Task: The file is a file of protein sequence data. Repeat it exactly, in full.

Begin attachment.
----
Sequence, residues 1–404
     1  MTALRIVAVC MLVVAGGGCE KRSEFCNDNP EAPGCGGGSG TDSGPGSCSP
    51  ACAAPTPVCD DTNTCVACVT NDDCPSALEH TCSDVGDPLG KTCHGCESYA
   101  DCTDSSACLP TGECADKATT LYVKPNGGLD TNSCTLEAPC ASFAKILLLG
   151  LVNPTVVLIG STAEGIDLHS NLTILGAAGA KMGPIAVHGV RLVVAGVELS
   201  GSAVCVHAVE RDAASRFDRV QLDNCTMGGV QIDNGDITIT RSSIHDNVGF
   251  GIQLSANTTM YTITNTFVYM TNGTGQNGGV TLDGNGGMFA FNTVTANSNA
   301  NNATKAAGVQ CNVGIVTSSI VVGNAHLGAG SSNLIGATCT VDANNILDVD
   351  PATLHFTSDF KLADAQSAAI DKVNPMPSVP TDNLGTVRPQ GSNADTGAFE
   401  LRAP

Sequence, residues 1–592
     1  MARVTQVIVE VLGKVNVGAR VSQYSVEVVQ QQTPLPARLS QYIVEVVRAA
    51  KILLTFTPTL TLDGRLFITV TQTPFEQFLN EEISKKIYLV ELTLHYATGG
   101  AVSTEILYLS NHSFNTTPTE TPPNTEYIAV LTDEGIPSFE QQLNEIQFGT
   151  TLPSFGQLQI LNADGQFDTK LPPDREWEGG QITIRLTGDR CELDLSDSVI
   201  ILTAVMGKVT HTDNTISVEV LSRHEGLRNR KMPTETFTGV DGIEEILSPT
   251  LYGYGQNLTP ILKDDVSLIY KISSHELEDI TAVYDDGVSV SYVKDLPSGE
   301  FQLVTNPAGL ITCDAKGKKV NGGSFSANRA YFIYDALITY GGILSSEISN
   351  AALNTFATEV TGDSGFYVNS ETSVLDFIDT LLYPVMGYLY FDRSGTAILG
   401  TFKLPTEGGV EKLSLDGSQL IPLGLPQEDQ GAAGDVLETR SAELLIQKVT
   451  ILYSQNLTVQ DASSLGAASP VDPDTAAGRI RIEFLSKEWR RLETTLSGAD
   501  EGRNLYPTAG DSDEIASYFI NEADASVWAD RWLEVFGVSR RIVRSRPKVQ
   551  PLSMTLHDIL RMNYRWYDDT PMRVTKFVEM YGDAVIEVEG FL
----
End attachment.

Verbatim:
Sequence, residues 1–404
     1  MTALRIVAVC MLVVAGGGCE KRSEFCNDNP EAPGCGGGSG TDSGPGSCSP
    51  ACAAPTPVCD DTNTCVACVT NDDCPSALEH TCSDVGDPLG KTCHGCESYA
   101  DCTDSSACLP TGECADKATT LYVKPNGGLD TNSCTLEAPC ASFAKILLLG
   151  LVNPTVVLIG STAEGIDLHS NLTILGAAGA KMGPIAVHGV RLVVAGVELS
   201  GSAVCVHAVE RDAASRFDRV QLDNCTMGGV QIDNGDITIT RSSIHDNVGF
   251  GIQLSANTTM YTITNTFVYM TNGTGQNGGV TLDGNGGMFA FNTVTANSNA
   301  NNATKAAGVQ CNVGIVTSSI VVGNAHLGAG SSNLIGATCT VDANNILDVD
   351  PATLHFTSDF KLADAQSAAI DKVNPMPSVP TDNLGTVRPQ GSNADTGAFE
   401  LRAP

Sequence, residues 1–592
     1  MARVTQVIVE VLGKVNVGAR VSQYSVEVVQ QQTPLPARLS QYIVEVVRAA
    51  KILLTFTPTL TLDGRLFITV TQTPFEQFLN EEISKKIYLV ELTLHYATGG
   101  AVSTEILYLS NHSFNTTPTE TPPNTEYIAV LTDEGIPSFE QQLNEIQFGT
   151  TLPSFGQLQI LNADGQFDTK LPPDREWEGG QITIRLTGDR CELDLSDSVI
   201  ILTAVMGKVT HTDNTISVEV LSRHEGLRNR KMPTETFTGV DGIEEILSPT
   251  LYGYGQNLTP ILKDDVSLIY KISSHELEDI TAVYDDGVSV SYVKDLPSGE
   301  FQLVTNPAGL ITCDAKGKKV NGGSFSANRA YFIYDALITY GGILSSEISN
   351  AALNTFATEV TGDSGFYVNS ETSVLDFIDT LLYPVMGYLY FDRSGTAILG
   401  TFKLPTEGGV EKLSLDGSQL IPLGLPQEDQ GAAGDVLETR SAELLIQKVT
   451  ILYSQNLTVQ DASSLGAASP VDPDTAAGRI RIEFLSKEWR RLETTLSGAD
   501  EGRNLYPTAG DSDEIASYFI NEADASVWAD RWLEVFGVSR RIVRSRPKVQ
   551  PLSMTLHDIL RMNYRWYDDT PMRVTKFVEM YGDAVIEVEG FL